United States District Court, S.D. Texas, Corpus Christi Division
ORDER DENYING MOTION TO SUPPRESS
GONZALES RAMOS UNITED STATES DISTRICT JUDGE
the Court is Defendant Rogelio Garcia's (Garcia) Motion
to Suppress Evidence (D.E. 16). Garcia is charged by
indictment (D.E. 6) with one count of possessing with intent
to distribute a controlled substance. He complains that the
evidence against him was obtained in violation of the Fourth
Amendment. The Government filed a response to the motion
(D.E. 18), and the Court held a hearing on April 19, 2017.
The Government has agreed not to offer, at trial, statements
made by Garcia to agents of the Drug Enforcement
Administration. After due consideration of the evidence and
the arguments of the parties, the motion to suppress (D.E.
16) is DENIED.
January 29, 2017, at about 2:35 p.m., a commercial bus
arrived at the Falfurrias Border Patrol checkpoint. Garcia
was a passenger on the bus. Buses are referred to a secondary
inspection area so that agents can conduct an immigration
inspection on each passenger. Border Patrol Agent Christian
Gonzalez boarded the bus, introduced himself as a Border
Patrol agent, and informed the passengers that he was going
to conduct an immigration inspection. Agent Gonzalez has
worked at the Falfurrias station for four years. He started
at the front of the bus questioning passengers and worked his
way back. When he came upon Garcia, who was seated in the
center of the bus, Agent Gonzalez asked him if he was a
United States citizen and Garcia said yes. Agent Gonzalez
asked for immigration documents and Garcia provided a Texas
identification card. The Agent asked Garcia if he had a
driver's license and he said no. The Agent asked why not
and Garcia said he had not gotten one yet. Agent Gonzalez
noticed that Garcia's voice was shaky or trembling.
Agent testified that fraudulent documents are sometimes
provided so he continues with questions to verify
citizenship. He asked Garcia where he was coming from and
where he was going. Garcia said he was coming from Pharr,
Texas, and going to Houston, Texas, to visit his father.
Garcia's voice continued to be shaky. Garcia then dropped
his phone. After Agent Gonzalez asked him if he had dropped
his phone and he said yes, the Agent noticed that Garcia got
in a rigid posture and had a worried expression on his
face-his eyes were wide open. By this time, the questioning
had gone on for about two minutes.
of Garcia's nervous behavior-shaky voice, worried
expression, and rigid posture, Agent Gonzalez asked Garcia if
he would consent to a pat down and Garcia said yes. He then
asked Garcia to exit the bus and once outside, the Agent
again asked for permission to do a pat down and Garcia said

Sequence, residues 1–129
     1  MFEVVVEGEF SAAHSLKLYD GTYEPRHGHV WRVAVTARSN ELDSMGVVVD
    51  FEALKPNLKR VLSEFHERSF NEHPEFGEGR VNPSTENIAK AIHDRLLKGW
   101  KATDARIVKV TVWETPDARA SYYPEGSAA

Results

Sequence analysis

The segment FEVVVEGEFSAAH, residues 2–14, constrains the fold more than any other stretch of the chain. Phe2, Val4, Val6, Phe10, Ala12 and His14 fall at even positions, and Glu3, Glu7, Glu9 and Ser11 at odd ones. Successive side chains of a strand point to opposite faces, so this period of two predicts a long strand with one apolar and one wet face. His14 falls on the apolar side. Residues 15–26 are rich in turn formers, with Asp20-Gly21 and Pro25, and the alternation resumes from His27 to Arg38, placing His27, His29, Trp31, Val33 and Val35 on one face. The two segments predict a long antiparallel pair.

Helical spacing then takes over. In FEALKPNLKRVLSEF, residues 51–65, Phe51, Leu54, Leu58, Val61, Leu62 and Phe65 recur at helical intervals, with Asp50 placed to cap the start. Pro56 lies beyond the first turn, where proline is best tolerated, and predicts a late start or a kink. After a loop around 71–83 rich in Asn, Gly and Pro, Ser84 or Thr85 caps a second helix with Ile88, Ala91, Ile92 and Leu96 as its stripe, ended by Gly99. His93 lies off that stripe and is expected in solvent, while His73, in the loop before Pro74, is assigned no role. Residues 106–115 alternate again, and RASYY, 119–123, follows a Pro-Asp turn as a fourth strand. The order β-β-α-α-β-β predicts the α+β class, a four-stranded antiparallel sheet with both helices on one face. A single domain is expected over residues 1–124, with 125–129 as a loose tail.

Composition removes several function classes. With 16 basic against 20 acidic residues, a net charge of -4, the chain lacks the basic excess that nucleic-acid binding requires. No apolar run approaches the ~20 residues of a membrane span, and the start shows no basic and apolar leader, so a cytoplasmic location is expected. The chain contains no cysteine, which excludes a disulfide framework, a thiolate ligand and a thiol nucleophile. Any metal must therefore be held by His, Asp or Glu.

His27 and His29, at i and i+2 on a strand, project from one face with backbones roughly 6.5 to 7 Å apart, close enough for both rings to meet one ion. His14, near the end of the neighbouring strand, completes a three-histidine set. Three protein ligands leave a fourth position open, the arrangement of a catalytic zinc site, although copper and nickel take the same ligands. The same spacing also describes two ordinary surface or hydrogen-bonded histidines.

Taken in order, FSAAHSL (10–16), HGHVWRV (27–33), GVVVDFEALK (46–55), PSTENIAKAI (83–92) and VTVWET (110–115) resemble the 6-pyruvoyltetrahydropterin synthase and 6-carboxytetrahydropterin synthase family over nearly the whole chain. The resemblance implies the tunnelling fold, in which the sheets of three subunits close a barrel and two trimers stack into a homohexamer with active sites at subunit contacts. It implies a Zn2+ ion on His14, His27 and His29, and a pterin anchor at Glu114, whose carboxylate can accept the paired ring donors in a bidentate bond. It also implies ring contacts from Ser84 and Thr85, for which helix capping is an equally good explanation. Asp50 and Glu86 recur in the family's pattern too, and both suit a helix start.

yes. The Agent patted him down and felt anomalies on his
upper thighs, which were later determined to be bundles of
Agent testified that he had not completed the immigration
inspection at the time he requested consent to do the pat
down. He determined that Garcia was a citizen after Garcia
was arrested and the Agent reviewed his criminal record.
asserts two arguments in support of his motion to suppress:
(1) the immigration inspection exceeded its permissible
scope, and (2) his consent to the search was not voluntary.
The Immigration Stop Was Not Impermissibly Prolonged
Fourth Amendment to the United States Constitution protects
“[t]he right of the people to be secure in their
persons, houses, papers, and effects, against unreasonable
searches and seizures . . . .” U.S. Const. amend. IV;
see also United States v. Portillo-Aguirre, 311 F.3d
647, 652 (5th Cir. 2002). Checkpoint stops “are
‘seizures' within the meaning of the Fourth
Amendment.” United States v. Martinez-Fuerte,
428 U.S. 543, 556 (1976). However, the Supreme Court has
found constitutional permanent immigration checkpoints where
travelers are stopped and briefly questioned about their
immigration status without individual suspicion. Id.
at 566-67; Portillo-Aguirre, 311 F.3d at 652.
scope of an immigration checkpoint stop is limited to the . .
. purpose of the stop: determining the citizenship status of
persons passing through the checkpoint.” United
States v. Machuca-Barrera, 261 F.3d 425, 433 (5th Cir.
2001). The permissible duration of such a stop is the time
reasonably necessary to determine citizenship status which
includes the time necessary to inquire about citizenship
status, request identification or other proof of citizenship,
and request consent to extend the detention. Id.
Courts should avoid scrutinizing the particular questions
asked by a Border Patrol agent during these brief stops
“as long as in sum they generally relate to determining
citizenship status.” Id.
may not exceed its permissible duration unless the agent has
reasonable suspicion of other criminal activity and the stop
may then be lengthened to accommodate its new justification.
Id. at 434. An extended detention or search requires
consent or probable cause. Id. (citing
Martinez-Fuerte, 428 U.S. at 567). An immigration
stop that exceeds its permissible scope violates the Fourth
Amendment even if the extension is minimal. Rodriguez v.
United States, 135 S.Ct. 1609, 1615-16 (2015).
argues that the Agent should have been satisfied that Garcia
was a United States citizen when he said so and produced an
identification card. And the additional questions by the
Agent did not relate to the document produced. Thus all
questions after Garcia produced the ...